The above considerations may seem to have little relevance to everyday crystallographic practices. Unfortunately, many standard methods yield diffraction patterns of poor quality. The quest for maximum integrated intensity has led to designs that make reflections broad and background high. It should be realized that not the flux but the brilliance of the incident beam is important in a diffraction measurement. The other aspect is that the information should not be lost in the experiment, and a divergent wide wavelength band is quite an ignorant probe of a reflection from a single crystal.

A situation where even small departures from the ideal diffraction geometry may cause large effects is measurement at an energy just below an absorption edge. Even a small tail of the energy band of the incident beam may excite radiation that becomes the dominant component of background. Similar effects are due to the harmonic energy bands reflected by most monochromators, particularly when the continuous spectrum of synchrotron radiation is used.

Scattering from the surroundings of the sample can be eliminated almost totally by shielding and beam tunnels. The general idea of the construction should be that an optical element of the instrument `sees' the preceding element only. Inevitably, the detector sees some of the environment of the sample. The density of air is about 1/1000 of that of a solid sample, so that 10 mm3 of irradiated air contributes to the background as much as a spherical crystal of 0.3 mm diameter. Strong spurious peaks may arise from slit edges and entrance windows of the specimen chamber, which should never be seen by the detector. A complete measurement without the sample is always a good starting point for an experiment.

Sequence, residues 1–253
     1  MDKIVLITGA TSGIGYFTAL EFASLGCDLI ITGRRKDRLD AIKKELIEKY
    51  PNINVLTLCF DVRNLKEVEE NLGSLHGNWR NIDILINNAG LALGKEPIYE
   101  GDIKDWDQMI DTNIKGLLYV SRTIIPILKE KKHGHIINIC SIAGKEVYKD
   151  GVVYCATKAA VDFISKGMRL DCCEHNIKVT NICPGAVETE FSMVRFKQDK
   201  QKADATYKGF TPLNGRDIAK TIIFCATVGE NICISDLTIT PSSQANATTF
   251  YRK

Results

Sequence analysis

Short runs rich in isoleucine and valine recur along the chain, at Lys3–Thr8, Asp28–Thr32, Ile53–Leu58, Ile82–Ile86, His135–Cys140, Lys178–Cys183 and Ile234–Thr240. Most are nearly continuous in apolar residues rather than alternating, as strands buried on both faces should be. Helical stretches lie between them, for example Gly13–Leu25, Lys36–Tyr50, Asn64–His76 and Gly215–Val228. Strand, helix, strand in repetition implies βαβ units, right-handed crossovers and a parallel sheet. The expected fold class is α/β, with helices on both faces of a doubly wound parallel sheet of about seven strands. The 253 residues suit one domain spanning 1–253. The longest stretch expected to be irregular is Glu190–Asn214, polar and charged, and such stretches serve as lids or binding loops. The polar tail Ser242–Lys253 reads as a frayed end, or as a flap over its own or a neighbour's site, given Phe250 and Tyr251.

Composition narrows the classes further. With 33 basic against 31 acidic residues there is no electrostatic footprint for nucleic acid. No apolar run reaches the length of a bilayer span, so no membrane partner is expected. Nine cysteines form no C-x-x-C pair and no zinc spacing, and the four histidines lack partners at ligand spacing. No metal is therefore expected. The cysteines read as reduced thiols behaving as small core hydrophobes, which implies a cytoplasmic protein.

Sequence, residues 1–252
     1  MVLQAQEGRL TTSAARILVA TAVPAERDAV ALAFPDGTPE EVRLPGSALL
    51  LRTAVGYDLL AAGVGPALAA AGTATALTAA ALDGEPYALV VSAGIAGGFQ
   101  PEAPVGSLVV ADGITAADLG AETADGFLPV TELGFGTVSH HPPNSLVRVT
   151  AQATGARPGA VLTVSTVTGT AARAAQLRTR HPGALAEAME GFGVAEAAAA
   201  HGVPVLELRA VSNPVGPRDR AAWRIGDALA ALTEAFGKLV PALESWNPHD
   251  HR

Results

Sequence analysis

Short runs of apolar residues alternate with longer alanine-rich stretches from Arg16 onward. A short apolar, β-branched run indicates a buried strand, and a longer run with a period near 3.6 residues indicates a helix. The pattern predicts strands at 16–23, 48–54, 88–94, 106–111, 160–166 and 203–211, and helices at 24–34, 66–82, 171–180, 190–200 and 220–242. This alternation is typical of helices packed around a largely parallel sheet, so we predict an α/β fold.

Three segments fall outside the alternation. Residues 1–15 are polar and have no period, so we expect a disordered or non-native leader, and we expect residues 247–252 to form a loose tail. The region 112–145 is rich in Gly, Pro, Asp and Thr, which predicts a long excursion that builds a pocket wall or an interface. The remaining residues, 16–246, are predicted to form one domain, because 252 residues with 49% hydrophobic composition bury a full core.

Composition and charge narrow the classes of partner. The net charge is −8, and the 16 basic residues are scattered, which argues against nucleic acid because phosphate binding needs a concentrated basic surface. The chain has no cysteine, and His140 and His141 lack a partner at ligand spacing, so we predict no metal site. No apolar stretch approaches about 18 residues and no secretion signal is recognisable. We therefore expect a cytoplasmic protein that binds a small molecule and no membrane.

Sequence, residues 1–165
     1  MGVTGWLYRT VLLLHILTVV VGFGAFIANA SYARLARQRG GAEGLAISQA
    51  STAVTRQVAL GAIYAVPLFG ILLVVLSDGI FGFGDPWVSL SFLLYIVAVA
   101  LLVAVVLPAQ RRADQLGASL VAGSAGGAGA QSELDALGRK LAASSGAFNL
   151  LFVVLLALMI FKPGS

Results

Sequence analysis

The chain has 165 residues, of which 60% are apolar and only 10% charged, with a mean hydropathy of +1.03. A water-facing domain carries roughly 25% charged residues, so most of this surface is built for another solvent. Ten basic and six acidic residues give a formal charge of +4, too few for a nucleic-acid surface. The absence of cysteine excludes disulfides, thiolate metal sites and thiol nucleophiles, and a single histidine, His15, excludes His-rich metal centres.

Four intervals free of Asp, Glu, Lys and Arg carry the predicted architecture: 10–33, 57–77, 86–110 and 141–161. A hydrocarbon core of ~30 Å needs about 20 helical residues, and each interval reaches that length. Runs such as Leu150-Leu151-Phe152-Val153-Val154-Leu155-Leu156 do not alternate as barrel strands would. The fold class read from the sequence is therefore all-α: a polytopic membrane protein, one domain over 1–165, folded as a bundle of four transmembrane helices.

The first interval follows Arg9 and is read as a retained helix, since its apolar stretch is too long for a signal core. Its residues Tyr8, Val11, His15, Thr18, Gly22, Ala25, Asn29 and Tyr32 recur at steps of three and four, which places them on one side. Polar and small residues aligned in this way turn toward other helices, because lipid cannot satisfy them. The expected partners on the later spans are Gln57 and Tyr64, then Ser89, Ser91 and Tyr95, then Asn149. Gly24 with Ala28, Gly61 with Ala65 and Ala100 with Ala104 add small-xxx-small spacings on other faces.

References

Brown, G. S. & Lindau, I. (1986). Editors. Synchrotron radiation instrumentation. Proceedings of the International Conference on X-ray and VUV Synchrotron Radiation Instrumentation. Nucl. Instrum. Methods, A246, 511–595.
Mathieson, A. McL. (1985). Small-crystal X-ray diffractometry with a crystal ante-monochromator. Acta Cryst. A41, 309–316.
Matsushita, T. & Hashizume, H. (1983). Handbook of synchrotron radiation, Vol. I, edited by E. E. Koch, pp. 261–314. Amsterdam: North-Holland.
Matsushita, T. & Kaminaga, U. (1980a). A systematic method of estimating the performance of X-ray optical systems for synchrotron radiation. I. Description of various optical elements in position-angle space for ideally monochromatic X-rays. J. Appl. Cryst. 13, 465–471.
Matsushita, T. & Kaminaga, U. (1980b). A systematic method of estimating the performance of X-ray optical systems for synchrotron radiation. II. Treatment in position-angle-wavelength space. J. Appl. Cryst. 13, 472–478.
Suortti, P. (1980b). Components of the total X-ray scattering. Accuracy in powder diffraction, edited by S. Block & C. R. Hubbard, pp. 1–20. Natl Bur. Stand. (US) Spec. Publ. No. 567.
Suortti, P. (1985). Parallel beam geometry for single-crystal diffraction. J. Appl. Cryst. 18, 272–274.
Suortti, P., Hastings, J. B. & Cox, D. E. (1985). Powder diffraction with synchrotron radiation. I. Absolute measurements. Acta Cryst. A41, 413–416.
Suortti, P. & Jennings, L. D. (1977). Accuracy of structure factors from X-ray powder intensity measurements. Acta Cryst. A33, 1012–1027.
Thomlinson, W. & Williams, G. P. (1984). Editors. Synchrotron radiation instrumentation 3. Proceedings of the Third National Conference on Synchrotron Radiation Instrumentation. Nucl. Instrum. Methods, 222, 215–278.